014 | Integrating with the world

As we slowly begin to get a sense of normalcy post-pandemic — let's challenge our ways of interacting with ourselves and others.

Has the world changed or have I changed?

Morrissey poses the question in The Smiths’ song The Queen is Dead, has the world changed, or have I changed.

As the world begins to return to a form of normalcy, I’m pondering the same question.

After the gold rush

Over the past twelve months, we’ve seen the world unite through our shared fragility — some more fragile than others, and have come together to advocate for shared ideas and methodologies.

Many of us have capitalized on the virtual world. I’ve built new relationships with co-workers and peers from different places. The anniversary of my organization, the Chicago Graphic Design Club, will be May 6th of 2021, something that perhaps wouldn’t have happened without the pressure of needing a community during a pandemic.

My hope is that as the world continues to open up, we carry the same enthusiasm to be vocal and action-oriented about the issues that plague the world; and that we hold ourselves accountable for our actions and our place within systems of oppression.

This past week, I listened to an interview with designer Jessica Helfand about her views on the current state of graphic design and she said something that resonates:

Recently, I went to an online design conference and watched the creative director of a multi-national corporation present something that in his view epitomized the expression of empathy. Big buzzword in the corporate world. Empathy in design. It was bringing to market very quickly a very unhealthy junk food product that was meant to be comforting to people at home during the pandemic. Not only was this thing essentially the Monsanto of junk food, it was basically chemicals in a box. So he is paid an absolutely exuberant fortune, being heralded on this call by 75 people who think that they should be genuflecting before his work. He talks about this as an expression of empathy. We’re talking about junk food and chemicals which are killing people… That was for me the final nail in the coffin…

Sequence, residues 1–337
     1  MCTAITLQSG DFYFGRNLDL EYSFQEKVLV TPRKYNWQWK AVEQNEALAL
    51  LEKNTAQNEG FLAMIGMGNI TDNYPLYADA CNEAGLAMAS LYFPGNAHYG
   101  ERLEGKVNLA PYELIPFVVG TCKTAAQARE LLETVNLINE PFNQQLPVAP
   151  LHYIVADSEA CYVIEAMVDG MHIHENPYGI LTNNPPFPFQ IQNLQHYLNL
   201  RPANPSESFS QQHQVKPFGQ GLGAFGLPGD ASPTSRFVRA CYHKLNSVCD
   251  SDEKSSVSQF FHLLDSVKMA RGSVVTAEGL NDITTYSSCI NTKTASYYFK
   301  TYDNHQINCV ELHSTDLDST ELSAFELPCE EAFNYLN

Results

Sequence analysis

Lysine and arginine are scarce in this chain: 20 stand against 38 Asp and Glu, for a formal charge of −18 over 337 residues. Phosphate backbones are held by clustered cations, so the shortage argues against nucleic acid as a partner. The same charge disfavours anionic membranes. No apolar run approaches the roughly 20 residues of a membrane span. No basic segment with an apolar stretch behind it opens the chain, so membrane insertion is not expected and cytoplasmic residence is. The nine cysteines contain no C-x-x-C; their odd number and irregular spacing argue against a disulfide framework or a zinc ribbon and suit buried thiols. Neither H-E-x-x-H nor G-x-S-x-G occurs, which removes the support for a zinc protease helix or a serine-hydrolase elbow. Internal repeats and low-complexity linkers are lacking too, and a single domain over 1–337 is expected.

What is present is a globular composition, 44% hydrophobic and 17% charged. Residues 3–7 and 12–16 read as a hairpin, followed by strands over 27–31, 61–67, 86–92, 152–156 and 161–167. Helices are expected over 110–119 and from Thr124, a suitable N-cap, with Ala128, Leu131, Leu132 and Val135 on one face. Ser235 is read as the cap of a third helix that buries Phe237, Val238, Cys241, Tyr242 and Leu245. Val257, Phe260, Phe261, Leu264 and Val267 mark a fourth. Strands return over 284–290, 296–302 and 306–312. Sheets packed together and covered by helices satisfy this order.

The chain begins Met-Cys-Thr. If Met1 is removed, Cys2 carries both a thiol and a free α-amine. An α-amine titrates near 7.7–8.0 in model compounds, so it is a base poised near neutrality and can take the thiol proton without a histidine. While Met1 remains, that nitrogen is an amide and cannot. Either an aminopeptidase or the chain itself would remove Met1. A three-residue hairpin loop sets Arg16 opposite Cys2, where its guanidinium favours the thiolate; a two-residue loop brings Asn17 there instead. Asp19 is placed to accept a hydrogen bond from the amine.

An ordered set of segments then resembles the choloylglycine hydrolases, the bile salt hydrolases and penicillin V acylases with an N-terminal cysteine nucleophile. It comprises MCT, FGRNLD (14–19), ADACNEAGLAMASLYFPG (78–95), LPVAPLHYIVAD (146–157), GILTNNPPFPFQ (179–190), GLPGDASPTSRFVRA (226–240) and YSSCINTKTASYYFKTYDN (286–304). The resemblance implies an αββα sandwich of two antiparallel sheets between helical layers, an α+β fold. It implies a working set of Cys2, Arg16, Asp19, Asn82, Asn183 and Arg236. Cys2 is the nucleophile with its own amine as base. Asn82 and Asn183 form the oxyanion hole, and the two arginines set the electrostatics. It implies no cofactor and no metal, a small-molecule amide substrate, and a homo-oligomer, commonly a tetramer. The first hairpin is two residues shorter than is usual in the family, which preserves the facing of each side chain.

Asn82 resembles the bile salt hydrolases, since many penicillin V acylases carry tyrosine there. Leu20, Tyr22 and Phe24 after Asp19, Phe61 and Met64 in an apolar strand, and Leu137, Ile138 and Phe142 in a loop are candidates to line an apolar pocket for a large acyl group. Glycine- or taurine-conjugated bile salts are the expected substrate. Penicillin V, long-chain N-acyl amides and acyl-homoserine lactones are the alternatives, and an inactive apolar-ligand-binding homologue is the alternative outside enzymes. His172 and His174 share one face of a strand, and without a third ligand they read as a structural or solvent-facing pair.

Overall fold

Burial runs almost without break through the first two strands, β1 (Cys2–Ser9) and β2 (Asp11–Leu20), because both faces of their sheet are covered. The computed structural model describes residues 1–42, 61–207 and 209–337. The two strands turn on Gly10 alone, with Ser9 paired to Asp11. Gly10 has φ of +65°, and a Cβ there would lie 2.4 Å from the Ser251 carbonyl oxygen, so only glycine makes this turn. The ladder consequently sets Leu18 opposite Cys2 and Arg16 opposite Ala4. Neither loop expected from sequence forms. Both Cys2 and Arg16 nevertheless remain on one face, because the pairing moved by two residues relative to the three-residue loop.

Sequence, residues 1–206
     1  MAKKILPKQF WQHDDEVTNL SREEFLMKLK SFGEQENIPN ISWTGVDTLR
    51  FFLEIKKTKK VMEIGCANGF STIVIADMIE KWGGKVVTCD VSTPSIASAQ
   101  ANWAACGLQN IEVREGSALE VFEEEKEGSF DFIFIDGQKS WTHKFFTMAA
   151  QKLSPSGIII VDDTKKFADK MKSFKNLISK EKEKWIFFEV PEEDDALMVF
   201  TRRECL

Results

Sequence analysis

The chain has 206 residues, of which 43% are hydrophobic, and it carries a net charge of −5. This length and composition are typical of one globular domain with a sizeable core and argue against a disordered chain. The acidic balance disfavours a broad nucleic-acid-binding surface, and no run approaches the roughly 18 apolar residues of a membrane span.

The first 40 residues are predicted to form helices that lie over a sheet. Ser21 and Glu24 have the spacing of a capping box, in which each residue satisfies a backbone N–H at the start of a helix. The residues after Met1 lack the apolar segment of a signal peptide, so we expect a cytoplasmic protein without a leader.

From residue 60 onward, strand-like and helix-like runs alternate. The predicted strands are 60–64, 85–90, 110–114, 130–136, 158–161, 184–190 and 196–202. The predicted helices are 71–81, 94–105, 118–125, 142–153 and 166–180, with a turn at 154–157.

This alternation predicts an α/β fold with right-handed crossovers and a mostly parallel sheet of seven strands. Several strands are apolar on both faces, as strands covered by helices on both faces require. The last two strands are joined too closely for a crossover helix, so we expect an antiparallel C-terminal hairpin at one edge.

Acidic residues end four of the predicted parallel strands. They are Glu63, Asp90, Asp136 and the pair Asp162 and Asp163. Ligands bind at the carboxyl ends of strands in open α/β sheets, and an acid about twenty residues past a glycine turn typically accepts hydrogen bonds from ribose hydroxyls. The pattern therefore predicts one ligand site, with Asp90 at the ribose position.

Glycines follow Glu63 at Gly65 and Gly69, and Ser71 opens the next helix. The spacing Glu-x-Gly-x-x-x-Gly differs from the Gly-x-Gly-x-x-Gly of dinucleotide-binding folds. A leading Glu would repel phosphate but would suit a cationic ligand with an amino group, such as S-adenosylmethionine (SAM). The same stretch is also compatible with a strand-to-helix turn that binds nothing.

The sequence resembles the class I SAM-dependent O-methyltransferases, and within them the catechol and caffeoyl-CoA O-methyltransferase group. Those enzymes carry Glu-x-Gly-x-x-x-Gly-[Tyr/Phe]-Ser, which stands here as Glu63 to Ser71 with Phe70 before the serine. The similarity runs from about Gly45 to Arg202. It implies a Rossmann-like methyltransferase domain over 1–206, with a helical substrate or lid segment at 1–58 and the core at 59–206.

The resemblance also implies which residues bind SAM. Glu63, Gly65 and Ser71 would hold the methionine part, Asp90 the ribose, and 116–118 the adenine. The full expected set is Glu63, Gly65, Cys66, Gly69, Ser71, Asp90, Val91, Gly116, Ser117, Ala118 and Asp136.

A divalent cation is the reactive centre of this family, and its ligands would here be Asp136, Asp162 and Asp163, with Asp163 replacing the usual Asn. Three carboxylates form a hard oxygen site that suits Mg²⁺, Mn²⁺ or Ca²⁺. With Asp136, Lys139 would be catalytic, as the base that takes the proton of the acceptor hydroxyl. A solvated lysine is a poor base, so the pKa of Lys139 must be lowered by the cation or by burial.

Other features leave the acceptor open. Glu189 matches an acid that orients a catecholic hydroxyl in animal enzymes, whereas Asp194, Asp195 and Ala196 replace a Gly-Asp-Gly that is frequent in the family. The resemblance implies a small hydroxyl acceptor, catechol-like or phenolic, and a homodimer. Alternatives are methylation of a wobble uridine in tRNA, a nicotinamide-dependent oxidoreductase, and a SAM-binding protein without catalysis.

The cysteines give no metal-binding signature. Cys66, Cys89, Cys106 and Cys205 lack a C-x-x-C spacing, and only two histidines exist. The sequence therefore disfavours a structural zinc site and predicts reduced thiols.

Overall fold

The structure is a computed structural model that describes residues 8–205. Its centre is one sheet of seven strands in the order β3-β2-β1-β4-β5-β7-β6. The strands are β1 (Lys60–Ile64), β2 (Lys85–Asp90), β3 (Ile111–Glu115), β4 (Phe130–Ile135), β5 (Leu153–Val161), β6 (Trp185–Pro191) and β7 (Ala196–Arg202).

You can listen to the rest of Helfand’s story in the episode here.

This should encourage us to reframe our association with words such as empathy and urge us to be inquisitive about the voices that are pledging to have society’s best interest in mind. If we want to see a better world, we must be vigilant about those at the top and be willing to be vocal about red flags that sprout from the ether.

Exploring a plum mountain

Feburuary 14, I received Jukai, which is a formal Zen Buddhist ceremony, in which a Zen student commits to living a life devoted to following a series of vows, and amongst them is the vow to save all sentient beings and actualize good for others. If you told me ten years ago, that one day I would be bowing, meditating daily, and talking about doing good for others(!), I might have laughed in your face.

One of the reasons why Zen, in particular, resonates the most with me, out of all the paths I’ve studied, is because it’s quite simple. And its simplicity is what makes it paradoxically difficult to practice at times. At its core, Zen is experiencing the nature of things and recognizing the oneness that we all share. Rather than seeking answers out in the world, we rely on our own present experiences.